If I were Target Corporation (NYSE:TGT) CEO Brian Cornell, I would tell my executive assistant to gladly take all calls from Amazon.com, Inc. (NASDAQ:AMZN). It could be the difference between a $70 TGT stock and one well north of $100.
Amazon Wants Offline
By now we all know the speculation: Amazon is going to buy Target to give the Seattle e-commerce giant the brick-and-mortar presence that Whole Foods couldn’t.
“Amazon believes the future of retail is a mix of mostly online and some offline. Target is the ideal offline partner for Amazon for two reasons, shared demographic and manageable but comprehensive store count,” Loup Ventures analyst Gene Munster wrote New Year’s Day. “As for the demographic, Target’s focus on mom[s] is central to Amazon’s approach to win wallet share.”
We can argue all day whether Munster’s thesis is correct, but there’s no denying that Target’s 1,834 stores in the U.S. would give Amazon a much more significant offline presence than the Whole Foods acquisition which brought 453 locations across the country into the fold.
If, and it’s a big if, Amazon wants to grow its offline presence, Target increases this four-fold albeit by spending a lot more than it did to buy Whole Foods.
Buyout Makes Sense for Both Companies
First, consider that Amazon generated 44% of U.S. e-commerce sales in 2017. Furthermore, more than 50% of all product searches start on Amazon’s website, giving it a clear advantage over the rest of the field.
It’s going to be hard for anyone to cut into that market share, so Target and the rest of the country’s retailers are left to fight for $130 billion in e-commerce revenue.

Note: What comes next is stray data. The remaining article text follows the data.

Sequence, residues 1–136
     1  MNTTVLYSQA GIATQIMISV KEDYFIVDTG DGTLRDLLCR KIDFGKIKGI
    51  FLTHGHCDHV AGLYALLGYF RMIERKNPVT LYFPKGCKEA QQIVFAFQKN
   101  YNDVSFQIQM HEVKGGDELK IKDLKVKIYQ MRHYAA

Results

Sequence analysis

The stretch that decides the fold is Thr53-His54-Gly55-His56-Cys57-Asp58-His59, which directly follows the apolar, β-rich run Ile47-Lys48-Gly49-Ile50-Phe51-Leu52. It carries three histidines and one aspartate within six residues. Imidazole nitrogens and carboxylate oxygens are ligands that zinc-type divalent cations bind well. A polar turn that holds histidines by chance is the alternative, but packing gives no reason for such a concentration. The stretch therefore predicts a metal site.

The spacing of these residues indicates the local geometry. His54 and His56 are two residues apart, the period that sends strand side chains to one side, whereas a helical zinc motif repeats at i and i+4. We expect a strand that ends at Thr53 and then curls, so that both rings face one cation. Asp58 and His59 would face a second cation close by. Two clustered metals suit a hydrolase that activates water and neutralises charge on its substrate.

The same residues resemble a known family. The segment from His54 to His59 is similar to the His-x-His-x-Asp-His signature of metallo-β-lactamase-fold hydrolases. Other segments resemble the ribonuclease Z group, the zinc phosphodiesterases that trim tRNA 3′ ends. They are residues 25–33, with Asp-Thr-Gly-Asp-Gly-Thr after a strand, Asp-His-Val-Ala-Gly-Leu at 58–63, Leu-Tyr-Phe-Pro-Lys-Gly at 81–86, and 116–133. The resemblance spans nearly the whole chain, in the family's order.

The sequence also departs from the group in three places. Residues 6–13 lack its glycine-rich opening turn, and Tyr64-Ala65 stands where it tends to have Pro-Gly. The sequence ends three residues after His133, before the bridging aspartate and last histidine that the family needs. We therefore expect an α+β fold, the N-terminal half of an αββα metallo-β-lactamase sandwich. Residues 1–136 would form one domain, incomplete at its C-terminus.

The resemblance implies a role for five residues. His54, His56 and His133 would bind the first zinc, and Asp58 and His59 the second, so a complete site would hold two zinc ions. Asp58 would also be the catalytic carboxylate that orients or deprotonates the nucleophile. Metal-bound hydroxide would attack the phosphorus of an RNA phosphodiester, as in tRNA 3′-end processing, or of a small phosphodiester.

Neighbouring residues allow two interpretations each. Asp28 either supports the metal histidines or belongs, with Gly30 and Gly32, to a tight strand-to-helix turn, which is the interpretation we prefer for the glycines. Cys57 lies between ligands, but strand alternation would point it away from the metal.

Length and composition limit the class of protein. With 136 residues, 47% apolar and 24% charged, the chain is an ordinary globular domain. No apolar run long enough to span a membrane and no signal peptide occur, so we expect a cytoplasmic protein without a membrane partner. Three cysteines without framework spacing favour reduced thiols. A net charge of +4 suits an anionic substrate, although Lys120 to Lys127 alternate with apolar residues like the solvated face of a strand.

Tracker eMarketer estimates Amazon’s e-commerce revenues at $101.4 billion giving us a $231 billion total based on 44% market share, which means Target’s online gains will have to come by taking market share from everyone else but Amazon.
That’s a daunting proposition and not welcome news for owners of TGT stock especially when you consider that Target didn’t make a list of the 20 most popular U.S. websites amongst international consumers in 2017.
Heck, even Toys “R” Us was more popular.
Target needs Amazon’s online presence in a big way, but conversely, Amazon needs Target’s offline presence with just 4% of total retail sales in this country.
Target brings approximately $70 billion in annual sales to the table, 96% of which is generated in the stores. Adding Target to Whole Foods would bring revenues for Amazon to a 54/46 split between e-commerce and brick-and-mortar, a far more balanced attack while also moving the needle on the 4%.
Bottom Line on TGT Stock
My most recent article about TGT stock was in November. At the time, I wondered if Target could get back to $80.
I reasoned that a good holiday season would be critical to TGT stock hitting $80; while all the numbers aren’t yet in, retail sales during the all-important holiday shopping season grew the most since 2011 suggesting Target should be just fine.
A lot of people think the talk about Amazon buying Target is just that. However, I see both companies benefiting from a buyout.
Perhaps, I should have asked if Target is going to hit $120.
As of this writing, Will Ashworth did not hold a position in any of the aforementioned securities.